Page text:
Los Angeles officials are mulling their options to collect what city auditors
believe is a $3 million shortfall in the amount of franchise fees that should
have been paid by three of the city's major operators.
The alleged underpayments date back to 1997 and now amount to just over $5
million, including interest, according to Patrick Collins, a senior analyst for
Collins conducted a routine audit of Adelphia Communications Corp.'s filings
from 1998 through 2001; AT&T Broadband's (now Comcast Corp.) back to July
1998; and Cox Communications Inc.'s back to April 1999.
Adelphia owes the largest amount, according to the city. The company
miscalculated its payments by $2.2 million, according to the audit.
The local franchise did not dispute the findings, so, under city regulation,
the audit results are final. However, the company declared bankruptcy before the
city could compel it to pay the shortage, so Los Angeles joins the list of
creditors awaiting rulings by the U.S. Bankruptcy Court in New York.
Meanwhile, interest, at a rate of 2 percent plus prime, is accruing. The debt
stands at $3.8 million now, according to the city.
AT&T Broadband also underreported income from sources such as fiber-lease
contracts, launch fees and income from advertising on leased channels, the city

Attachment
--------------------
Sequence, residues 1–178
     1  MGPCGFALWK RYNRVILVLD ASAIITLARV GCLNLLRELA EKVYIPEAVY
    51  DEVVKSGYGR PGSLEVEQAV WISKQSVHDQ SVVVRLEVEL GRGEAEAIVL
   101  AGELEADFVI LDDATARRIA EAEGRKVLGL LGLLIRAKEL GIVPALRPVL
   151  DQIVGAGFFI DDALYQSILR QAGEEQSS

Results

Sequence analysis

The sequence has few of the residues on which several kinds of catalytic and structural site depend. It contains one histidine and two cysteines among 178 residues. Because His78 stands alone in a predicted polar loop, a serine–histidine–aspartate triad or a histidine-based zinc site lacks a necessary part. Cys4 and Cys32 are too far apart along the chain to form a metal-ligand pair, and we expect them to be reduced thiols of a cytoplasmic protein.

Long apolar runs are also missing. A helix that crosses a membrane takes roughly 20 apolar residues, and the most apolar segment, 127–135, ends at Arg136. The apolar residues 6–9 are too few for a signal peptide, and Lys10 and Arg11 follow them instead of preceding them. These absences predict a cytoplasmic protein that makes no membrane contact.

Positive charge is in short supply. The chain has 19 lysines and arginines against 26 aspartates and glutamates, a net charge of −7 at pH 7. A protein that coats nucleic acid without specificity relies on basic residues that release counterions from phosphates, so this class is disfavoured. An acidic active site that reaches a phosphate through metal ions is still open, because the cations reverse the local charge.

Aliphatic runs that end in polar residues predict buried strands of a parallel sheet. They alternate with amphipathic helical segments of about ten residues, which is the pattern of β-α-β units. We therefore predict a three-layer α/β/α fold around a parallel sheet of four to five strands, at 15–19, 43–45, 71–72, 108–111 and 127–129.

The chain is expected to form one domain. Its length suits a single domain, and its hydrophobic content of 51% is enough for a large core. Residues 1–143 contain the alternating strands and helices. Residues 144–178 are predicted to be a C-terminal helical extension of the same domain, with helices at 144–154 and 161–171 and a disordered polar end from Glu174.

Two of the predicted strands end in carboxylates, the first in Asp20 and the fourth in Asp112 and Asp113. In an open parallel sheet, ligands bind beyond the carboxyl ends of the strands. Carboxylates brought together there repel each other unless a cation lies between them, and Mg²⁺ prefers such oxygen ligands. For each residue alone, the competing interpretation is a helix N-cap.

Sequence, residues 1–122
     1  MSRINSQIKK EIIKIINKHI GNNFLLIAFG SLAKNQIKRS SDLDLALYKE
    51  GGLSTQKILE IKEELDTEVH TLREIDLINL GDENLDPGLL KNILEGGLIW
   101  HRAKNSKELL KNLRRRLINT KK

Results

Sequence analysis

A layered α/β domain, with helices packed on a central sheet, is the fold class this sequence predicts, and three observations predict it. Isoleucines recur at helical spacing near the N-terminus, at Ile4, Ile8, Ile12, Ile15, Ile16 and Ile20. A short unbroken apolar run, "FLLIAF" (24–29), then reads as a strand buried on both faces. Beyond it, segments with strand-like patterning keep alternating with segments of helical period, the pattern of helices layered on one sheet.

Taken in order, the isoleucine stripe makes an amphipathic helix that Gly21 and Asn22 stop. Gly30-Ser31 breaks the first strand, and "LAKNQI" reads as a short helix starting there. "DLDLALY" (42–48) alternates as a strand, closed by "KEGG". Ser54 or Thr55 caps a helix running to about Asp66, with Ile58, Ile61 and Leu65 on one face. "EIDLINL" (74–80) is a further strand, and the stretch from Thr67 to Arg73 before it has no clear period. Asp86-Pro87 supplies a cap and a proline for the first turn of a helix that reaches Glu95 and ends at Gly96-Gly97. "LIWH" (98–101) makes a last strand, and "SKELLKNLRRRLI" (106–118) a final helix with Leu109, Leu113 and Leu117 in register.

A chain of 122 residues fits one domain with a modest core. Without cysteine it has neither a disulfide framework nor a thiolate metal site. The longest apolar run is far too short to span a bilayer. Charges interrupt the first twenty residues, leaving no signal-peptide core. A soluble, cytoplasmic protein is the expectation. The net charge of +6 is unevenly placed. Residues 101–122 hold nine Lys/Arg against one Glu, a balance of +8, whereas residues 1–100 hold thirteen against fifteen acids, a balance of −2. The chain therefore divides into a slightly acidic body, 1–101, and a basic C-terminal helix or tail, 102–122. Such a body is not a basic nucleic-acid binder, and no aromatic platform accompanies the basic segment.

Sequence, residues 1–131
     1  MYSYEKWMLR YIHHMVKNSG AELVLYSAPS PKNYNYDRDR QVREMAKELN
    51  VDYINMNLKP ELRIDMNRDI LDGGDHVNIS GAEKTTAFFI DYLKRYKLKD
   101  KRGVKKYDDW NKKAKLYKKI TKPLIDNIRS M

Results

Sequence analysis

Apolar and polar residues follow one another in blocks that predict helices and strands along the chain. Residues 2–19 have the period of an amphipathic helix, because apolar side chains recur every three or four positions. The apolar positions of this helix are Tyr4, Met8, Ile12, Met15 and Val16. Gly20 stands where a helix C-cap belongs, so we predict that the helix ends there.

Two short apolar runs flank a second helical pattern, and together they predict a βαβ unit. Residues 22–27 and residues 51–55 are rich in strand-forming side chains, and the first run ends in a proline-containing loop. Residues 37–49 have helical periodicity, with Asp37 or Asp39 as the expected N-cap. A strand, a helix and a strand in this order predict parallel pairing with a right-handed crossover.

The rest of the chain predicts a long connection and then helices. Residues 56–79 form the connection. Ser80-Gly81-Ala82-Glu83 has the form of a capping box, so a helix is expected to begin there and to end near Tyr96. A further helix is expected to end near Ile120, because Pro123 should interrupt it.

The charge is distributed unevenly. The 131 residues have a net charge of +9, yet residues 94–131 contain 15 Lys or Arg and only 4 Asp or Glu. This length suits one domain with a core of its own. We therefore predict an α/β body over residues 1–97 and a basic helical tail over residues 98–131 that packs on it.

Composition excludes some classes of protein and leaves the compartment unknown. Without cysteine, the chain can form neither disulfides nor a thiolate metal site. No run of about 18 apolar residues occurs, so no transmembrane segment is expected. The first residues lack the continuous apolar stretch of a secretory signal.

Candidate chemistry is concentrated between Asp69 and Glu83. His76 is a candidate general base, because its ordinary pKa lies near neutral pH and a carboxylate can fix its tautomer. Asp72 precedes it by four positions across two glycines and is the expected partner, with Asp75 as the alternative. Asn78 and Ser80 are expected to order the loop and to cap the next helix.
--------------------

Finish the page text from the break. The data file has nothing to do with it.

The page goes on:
auditor said. That shortfall was $839,000, but it has grown to $1.2 million,
AT&T Broadband agreed with some of the city findings and paid part of the
amount, but the dispute over the rest will send the parties to arbitration.
Assistant city attorney Ed Perez noted that terms of the franchise transfer
to Comcast set a July date to rectify the dispute, but he added that the parties
may mutually agree to run past that date.
The company owing the least shortfall is causing the city the most
Cox concurred with part of the audit findings and paid about $14,000 in fees
and interest to Los Angeles. However, it disputed another $30,000 in fees due
from its operation in the San Pedro area. Collins told the city's cable
regulators Cox suggested that the funds be placed in escrow while the parties
debated the city's findings.
Since that communication several weeks ago, Collins said, Cox has not
responded to the city, nor indicated that it has banked the money.
The Board of Information Technology Commissioners has scheduled a hearing
later this month seeking answers from Cox. If the operator does not respond to
the city, regulators could declare the company in material breach of its